However, she will get to spend an estimated £300,000 on her outfits, including a bespoke, designer wedding dress. Mine cost just 0.05 per cent of this sum — and came from John Lewis. I got £50 off the £200 price tag by activating the retailer’s “Never Knowingly Undersold” policy after finding it on sale more cheaply elsewhere.

This helped cover the £400 cost of my husband’s kilt. He had already received three previous Christmas presents of a sporran, silver flask and Sgian Dubh knife before he finally got the hint and proposed.

We also got a discount for cash when we bought my engagement ring from an antique dealer in Glasgow. It cost just £400, but I love it. The so-called rule that the man must spend a month’s salary on his bride’s ring is baloney. I would rather keep the money in a stocks and shares Isa than spend thousands on some bling rock that I’d be terrified of losing. Nor is there any requirement to have a wedding ring — even if you get married in a church. My husband didn’t want one, so we didn’t buy one.

Our three bridesmaids were not decked out in designer finery either. They looked resplendent in identical teal dresses which were a snip (£40 each) in the Coast end-of-summer sale. This is yet another reason why it makes sense to get married in November, as we did, and not the height of summer. Everything is so much cheaper. It rained all day, but we didn’t care as we were indoors.

We did not have a wedding list (I really bristle at these when I’m on the receiving end) but we did have some fabulous gifts from our friends which prove you don’t have to spend money to impress.

Jelena did my hair and make-up. Bara made a beef casserole for our pre-wedding “rehearsal dinner” better than any restaurant could muster. Eleanor let us hold the rehearsal dinner in her house (much bigger than our flat). Oliver, a professional photographer, did the whole day for “mates’ rates”.

The royal couple have sent out bespoke invitations from Barnard & Westwood, estimated to have cost tens of thousands. The FT’s layout editor Fran Jakobi made ours (miniature copies of the “Wedding Times”). However, we spent tuppence each on the envelopes, figuring these would just end up in the recycling.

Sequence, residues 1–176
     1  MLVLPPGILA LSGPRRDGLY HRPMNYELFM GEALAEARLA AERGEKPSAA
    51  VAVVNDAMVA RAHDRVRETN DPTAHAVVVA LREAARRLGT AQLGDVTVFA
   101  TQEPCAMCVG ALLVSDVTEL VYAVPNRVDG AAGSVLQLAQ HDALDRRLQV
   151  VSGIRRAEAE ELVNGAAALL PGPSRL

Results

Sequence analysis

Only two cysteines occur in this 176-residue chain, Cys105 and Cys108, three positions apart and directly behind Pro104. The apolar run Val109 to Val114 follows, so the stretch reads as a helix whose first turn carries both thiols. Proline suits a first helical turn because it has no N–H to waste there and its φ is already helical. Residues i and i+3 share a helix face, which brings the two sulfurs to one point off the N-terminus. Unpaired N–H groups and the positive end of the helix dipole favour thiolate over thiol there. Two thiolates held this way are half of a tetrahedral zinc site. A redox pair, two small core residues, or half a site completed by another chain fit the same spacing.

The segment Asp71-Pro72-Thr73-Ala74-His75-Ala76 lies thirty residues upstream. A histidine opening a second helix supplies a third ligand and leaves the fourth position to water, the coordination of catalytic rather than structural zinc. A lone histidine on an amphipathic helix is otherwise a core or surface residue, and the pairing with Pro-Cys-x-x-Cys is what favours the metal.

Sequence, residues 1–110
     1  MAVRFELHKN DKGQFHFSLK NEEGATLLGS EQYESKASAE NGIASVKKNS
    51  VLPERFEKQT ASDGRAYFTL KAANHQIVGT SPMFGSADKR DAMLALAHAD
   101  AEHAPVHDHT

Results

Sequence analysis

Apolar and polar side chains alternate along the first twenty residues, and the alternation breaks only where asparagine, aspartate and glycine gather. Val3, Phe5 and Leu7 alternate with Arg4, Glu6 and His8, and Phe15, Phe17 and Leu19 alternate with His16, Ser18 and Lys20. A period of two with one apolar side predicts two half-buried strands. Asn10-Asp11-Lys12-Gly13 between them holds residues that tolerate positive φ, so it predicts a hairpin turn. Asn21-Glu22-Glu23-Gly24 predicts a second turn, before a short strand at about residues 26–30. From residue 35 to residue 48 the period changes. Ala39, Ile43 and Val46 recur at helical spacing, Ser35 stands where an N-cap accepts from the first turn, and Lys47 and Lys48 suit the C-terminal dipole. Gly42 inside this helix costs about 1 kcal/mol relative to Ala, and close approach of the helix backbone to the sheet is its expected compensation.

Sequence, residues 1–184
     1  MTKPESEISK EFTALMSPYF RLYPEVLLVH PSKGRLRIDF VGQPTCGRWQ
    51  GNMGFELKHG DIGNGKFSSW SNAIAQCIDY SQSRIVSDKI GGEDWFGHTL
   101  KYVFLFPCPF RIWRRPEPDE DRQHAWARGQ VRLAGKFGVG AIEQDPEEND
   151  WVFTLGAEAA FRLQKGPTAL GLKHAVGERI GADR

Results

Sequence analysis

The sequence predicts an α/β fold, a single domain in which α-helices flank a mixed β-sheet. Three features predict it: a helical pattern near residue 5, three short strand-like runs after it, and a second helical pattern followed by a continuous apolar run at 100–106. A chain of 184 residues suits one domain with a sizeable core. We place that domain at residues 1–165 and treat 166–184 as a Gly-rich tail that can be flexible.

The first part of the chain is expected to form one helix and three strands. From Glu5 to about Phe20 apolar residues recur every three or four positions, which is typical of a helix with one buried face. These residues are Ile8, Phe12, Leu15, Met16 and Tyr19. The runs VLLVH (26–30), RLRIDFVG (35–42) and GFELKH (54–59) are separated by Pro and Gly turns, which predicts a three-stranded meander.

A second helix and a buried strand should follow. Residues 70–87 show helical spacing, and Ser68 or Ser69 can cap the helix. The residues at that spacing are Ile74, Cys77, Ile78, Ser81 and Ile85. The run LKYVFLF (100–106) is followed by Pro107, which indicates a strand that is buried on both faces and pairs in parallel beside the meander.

I would have got the number 26 bus to the wedding, but my dad insisted on a taxi. Having scrimped on so many things, we could then splurge on what was important — namely, the music and dancing.

As I am a journalist, we were eligible to get married in St Bride’s Church. A stunning setting, but what really made the day for everyone was its fabulous choir.

After the ceremony, a friend’s bagpiper father led us in procession through Fleet Street to a bar we had hired (the City must have been the only place in the country where you could still get keen rates on a Saturday night).

Being the saxophone player in an eight-piece band has its advantages when it comes to booking the entertainment. Meghan and Harry are expected to spend as much as £300,000 on theirs, and it is rumoured that guests Rihanna, the Spice Girls and Elton John could end up making a star turn.

At our “wedding gig” our best man Dave sang Bowie’s Moonage Daydream; my mum and dad crooned This is My Lovely Day; and my stepson brought the house down when he sang 500 Miles by The Proclaimers, perfectly mimicking his dad’s Glaswegian accent.

For all the money they’re spending, it would be churlish not to wish the royal couple well. I hope their big day is similarly priceless.

Claer Barrett is the editor of FT Money: claer.barrett@ft.com; Twitter: @Claerb

Letter in response to this article:

When ham sandwiches served as wedding fayre / From Alison Bailey, Ballineen, Co.Cork, Ireland